Not that travelling is all about going place as cheaply as possible, but with as far and long as we had to go, not to mention without an income, cost was always an issue. This first experience in Egypt made us remount our guard and it seemed each time we let it down, we were overcharged. We became more closed and distrustful of people, doing the obnoxious thing of having to ask the price for everything beforehand. We tried to keep in mind that as Americans we represented Americans and came off as either cheap or obsessed with money. It was a matter of principle for us, and consent to overcharging tourists set a bad precedent for other travellers. And in the same way, the Egyptians we encountered (mostly service-oriented people) were giving Egyptians a bad reputation, whether they cared or not.

In retrospect, it's clear to me now that I was bothered by was the feeling of being regarded as just another couple of tourists to make money off of, and few locals we met were doing anything to change that perception. The more I saw things this way, the more true it seemed.

At one point, Gregg and I talked about this feeling of being 'tourists' rather than 'travellers' in Egypt. So far on our travels, we hadn't been to a major destination country where there was a developed infrastructure catering to tourists. This had something to do with us feeling that it was difficult to have meaningful exchanges with locals. It wasn't that people were simply mean-spirited and trying to rip us off all the time. Things had a price range and if you were willing to pay a little more, people were certainly open to making a little more. Once we got beyond this, and the more comfortable we became as we travelled in Egypt, we began to have better experiences.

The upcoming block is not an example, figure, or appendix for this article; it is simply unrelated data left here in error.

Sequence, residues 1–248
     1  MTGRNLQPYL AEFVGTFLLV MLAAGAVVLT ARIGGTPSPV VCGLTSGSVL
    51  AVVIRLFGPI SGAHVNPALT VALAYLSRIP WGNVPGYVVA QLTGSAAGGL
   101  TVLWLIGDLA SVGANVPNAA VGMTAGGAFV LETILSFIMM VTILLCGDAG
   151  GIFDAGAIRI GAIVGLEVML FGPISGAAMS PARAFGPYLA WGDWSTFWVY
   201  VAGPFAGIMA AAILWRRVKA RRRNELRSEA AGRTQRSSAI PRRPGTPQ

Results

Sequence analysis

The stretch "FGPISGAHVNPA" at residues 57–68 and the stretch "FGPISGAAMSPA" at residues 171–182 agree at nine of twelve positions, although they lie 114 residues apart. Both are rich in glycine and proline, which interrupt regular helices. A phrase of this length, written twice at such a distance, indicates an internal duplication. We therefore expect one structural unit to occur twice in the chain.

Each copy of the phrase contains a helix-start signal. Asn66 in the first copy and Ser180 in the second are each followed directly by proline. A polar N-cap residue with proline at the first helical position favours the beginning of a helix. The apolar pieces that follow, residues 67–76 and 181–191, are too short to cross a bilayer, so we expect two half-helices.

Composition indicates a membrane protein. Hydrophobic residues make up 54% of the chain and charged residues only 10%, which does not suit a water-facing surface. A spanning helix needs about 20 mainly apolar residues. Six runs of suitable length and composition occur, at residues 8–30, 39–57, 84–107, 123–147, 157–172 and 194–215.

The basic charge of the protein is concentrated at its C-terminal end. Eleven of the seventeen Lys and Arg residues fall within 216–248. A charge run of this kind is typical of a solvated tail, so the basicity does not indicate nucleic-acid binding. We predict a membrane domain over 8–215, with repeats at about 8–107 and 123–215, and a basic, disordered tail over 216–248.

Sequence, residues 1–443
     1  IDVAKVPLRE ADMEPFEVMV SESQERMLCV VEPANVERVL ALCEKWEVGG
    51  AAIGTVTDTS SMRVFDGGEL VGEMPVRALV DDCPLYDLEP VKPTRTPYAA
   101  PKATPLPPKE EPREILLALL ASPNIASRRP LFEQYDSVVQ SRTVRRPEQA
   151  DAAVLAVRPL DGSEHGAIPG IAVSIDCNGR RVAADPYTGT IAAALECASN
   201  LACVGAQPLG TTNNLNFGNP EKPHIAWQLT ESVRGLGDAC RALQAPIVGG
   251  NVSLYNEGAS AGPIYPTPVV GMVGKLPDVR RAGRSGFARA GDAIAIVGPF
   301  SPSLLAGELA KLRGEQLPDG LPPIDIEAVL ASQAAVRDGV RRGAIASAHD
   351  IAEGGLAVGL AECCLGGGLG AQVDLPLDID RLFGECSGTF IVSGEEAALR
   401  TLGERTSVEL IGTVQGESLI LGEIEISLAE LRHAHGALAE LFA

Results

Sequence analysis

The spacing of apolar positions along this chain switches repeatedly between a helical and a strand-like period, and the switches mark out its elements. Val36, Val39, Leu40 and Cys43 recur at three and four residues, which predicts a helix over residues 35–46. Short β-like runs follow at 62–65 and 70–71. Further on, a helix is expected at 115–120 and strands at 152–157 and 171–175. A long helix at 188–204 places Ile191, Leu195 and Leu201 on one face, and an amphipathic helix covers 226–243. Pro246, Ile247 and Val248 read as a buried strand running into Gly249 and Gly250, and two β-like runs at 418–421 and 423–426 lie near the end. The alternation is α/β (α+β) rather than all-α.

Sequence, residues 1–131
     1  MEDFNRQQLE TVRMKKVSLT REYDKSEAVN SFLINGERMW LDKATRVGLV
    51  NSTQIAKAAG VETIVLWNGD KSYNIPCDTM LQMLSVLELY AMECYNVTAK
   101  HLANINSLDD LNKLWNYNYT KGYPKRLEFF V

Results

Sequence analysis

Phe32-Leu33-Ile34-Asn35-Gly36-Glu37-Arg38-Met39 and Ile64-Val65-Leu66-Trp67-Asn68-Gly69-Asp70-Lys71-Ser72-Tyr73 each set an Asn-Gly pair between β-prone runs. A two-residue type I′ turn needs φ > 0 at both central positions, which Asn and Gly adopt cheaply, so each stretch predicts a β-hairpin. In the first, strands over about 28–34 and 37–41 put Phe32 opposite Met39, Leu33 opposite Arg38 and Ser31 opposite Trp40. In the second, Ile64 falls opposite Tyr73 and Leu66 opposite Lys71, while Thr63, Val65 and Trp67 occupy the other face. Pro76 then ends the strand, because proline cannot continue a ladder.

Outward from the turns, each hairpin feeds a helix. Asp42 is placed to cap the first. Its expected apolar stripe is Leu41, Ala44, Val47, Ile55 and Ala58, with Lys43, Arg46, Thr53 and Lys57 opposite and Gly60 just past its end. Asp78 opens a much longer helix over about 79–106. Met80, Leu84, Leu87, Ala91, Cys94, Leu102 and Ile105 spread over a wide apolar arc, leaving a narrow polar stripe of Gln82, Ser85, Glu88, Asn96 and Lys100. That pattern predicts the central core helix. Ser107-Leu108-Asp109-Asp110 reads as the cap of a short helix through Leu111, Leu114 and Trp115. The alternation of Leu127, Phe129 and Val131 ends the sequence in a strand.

Balancing your judgement and instincts is wonky at best when you have nothing to go on. Even now, I don't know that we could/would have done things any differently. A little decency can cost you sometimes, but it doesn't mean we should be bitter about giving people the benefit of the doubt. Unless Ahmed is a con-artist who's gig is to ride the miserable bus from the airport into the city, hoping some tourists are aboard, he likely just figured we were lost foreigners who needed a place to stay. No one is hurt taking advantage of this a little. But there's also nothing wrong with taking things at our own pace, acknowledging that while others may have good intentions, the decisions we make are ours.




Welcome in Cairo!
  Hiding from the Eclipse
  From Ostrich to Internet

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"Tourists don't know where they've been, travelers don't know where they're going."
-- Paul Theroux
  © 1999/2000 ~ Sit Tight Ben Hur.